Oh God! Winnie the Pooh Hundred Acre Wood is gone! But Where? Hence, to answer this ambiguous question,’ Who Gives A Crap‘ a toilet paper brand, is here with its latest campaign.
Who Gives A Crap launched a special Deforestation Edition of Winnie the Pooh. By recreating A. A. Milne’s children’s classic, this Australian-based brand highlights deforestation as wholly or partially responsible for this reduction of trees to stumps.
Published in 1926, this children’s classic book has been in the public domain since 2020. Hence, the copyright law doesn’t protect Winnie The Pooh.
Who Gives a Crap Winnie the Pooh Edition Speaks About the Impact of Deforestation
With an updated version of the illustrations, the story is still the same. In these re-worked illustrations, one can see Winnie and his friends standing amidst fallen tree stumps. Clearly, that pictorial depiction says loudly about the long-lasting impact of deforestation.
Without the thickly branched honey tree, where would Pooh fall out for its honey quest? Where would Christopher Robin climb? Where one could find The Chestnuts – owl’s home? Thus, this unending root of deforestation not only affects Winnie the Pooh and his friends but also the entire humanity.
Incorporating an environmental issue in Winnie The Pooh is due to the growing concerns of children towards it. According to research, 53% of UK parents claim that their offspring are raising concerns about recent environmental problems. Moreover, around 80% of parents say that they have no answers to their children’s questions related to global environmental damage.
Globally, we’re ignoring the fact that how toilet paper manufacturing process is haunting our environment. Maybe we’re considering it a trivial crime. But small changes can considerably make a big difference.
That’s why Who Gives A Crap has taken this big initiative. Following this ethical practice, the company woes to use 100% recycled paper fibers or bamboo for tissue production. Similarly, keeping a promise of sustainability, this toilet paper company has used 100% recycled papers for preparing “Winnie The Pooh.”
The book cover is of custom blue cloth with an engraved gold foil stamp. While demonstrating deforestation in the book, not a single tree was cut down. Within a 100% Green-e-certified facility, the company has used 100% renewable resources, post-consumer recycled paper, and pure cotton EU-REACH-certified cover material.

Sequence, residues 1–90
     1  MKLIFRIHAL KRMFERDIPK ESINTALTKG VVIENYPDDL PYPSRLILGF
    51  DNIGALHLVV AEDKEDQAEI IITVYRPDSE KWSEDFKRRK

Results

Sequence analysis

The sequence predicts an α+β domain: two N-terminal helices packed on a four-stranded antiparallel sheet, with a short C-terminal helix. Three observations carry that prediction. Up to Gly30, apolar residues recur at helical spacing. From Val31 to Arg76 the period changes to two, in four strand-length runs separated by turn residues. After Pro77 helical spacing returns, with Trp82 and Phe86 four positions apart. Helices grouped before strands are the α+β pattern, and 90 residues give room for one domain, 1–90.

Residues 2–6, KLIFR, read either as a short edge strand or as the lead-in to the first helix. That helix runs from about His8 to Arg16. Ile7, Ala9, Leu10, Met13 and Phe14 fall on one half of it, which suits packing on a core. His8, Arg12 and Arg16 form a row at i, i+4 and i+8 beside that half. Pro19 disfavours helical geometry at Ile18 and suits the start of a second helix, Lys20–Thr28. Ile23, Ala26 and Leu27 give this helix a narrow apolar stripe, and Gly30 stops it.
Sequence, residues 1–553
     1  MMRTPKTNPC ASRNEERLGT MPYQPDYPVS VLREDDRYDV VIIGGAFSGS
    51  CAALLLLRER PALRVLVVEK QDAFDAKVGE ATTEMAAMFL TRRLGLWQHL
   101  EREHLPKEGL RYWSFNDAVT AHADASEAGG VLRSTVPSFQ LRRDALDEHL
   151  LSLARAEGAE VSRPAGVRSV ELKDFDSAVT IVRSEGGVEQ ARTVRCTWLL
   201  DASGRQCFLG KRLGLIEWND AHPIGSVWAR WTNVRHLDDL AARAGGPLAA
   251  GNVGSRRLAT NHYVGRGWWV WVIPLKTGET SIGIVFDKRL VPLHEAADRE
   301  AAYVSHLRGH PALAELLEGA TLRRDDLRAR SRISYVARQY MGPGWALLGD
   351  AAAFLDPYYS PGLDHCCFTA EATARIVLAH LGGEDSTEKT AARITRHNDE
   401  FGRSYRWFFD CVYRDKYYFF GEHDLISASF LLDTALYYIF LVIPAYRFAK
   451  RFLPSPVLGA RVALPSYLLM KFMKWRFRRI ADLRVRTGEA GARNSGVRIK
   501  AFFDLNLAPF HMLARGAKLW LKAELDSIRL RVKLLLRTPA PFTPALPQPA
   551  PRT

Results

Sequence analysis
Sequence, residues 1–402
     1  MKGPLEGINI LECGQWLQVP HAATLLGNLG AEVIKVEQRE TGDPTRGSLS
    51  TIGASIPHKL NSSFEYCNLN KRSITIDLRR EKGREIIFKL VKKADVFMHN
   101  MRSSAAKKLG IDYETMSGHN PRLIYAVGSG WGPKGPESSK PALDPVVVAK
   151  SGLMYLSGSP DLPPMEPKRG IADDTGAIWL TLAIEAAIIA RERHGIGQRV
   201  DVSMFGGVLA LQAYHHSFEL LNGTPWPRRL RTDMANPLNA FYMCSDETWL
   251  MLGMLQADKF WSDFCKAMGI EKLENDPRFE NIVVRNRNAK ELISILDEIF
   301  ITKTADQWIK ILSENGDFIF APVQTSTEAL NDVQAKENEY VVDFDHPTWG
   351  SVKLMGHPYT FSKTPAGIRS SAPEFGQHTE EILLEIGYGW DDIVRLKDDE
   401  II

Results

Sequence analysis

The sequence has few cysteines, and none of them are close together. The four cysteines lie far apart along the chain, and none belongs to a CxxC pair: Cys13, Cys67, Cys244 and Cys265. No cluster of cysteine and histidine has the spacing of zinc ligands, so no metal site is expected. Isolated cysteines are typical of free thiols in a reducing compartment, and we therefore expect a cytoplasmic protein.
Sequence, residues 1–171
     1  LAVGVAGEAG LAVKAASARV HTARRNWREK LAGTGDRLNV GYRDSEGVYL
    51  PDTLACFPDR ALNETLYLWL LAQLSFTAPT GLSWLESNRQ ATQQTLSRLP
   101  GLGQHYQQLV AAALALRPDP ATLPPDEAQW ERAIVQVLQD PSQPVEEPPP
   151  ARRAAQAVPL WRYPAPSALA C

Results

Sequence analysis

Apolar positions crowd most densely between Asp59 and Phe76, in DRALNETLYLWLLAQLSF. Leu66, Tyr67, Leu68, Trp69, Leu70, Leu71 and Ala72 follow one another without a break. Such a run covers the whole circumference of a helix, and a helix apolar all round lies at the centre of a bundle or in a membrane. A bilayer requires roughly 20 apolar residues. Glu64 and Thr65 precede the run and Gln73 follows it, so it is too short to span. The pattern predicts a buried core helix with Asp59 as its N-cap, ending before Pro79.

Hence, to make this global issue and its consequences more pronounced, Who Gives a Crap has used recycled papers to synthesize this limited edition of Winnie The Pooh.
More Than Deforestation; It’s a Question of Sustainability
While highlighting this environmental issue, Who Gives A Crap comes forward with a solid stance. By providing the illustrations of the most beloved children’s book of all time, the company uncovers the horrifying traditional toilet paper-making process. The procedure involves one million trees every day to produce toilet paper.
This globally renowned book is not a story of glory but rather delineates the horrific side of this environment. The tale depicts how an enchanting 100-acre woodland has been cut down just to meet the consumer demand of the toilet paper industry. Thus, it tells the consequences of Big Toilet Paper on the environment.
Simon Griffiths, founder of Who Gives A Crap Founder, said: “Globally we continue to blissfully wipe and ignore the impact large-scale toilet paper production has on the environment around us. Making small changes to your everyday toilet routine can make a big difference.”
Hence, Who Gives A Crap is leading children’s way to an eco-conscious environment. Here it brings the awareness that large-scale toilet paper production has a devastating impact on the environment. And that problem solution always comes after its recognition. Therefore, through Winnie The Pooh: The Deforested Edition, this toilet paper company wants to bring this issue to your notice. As a matter of fact, Winnie-the-Pooh, Piglet, Christopher Robin, and the rest of the characters have to live in a world without trees. Similarly, we will be in this situation soon, if this environment-degrading practice continues to prevail.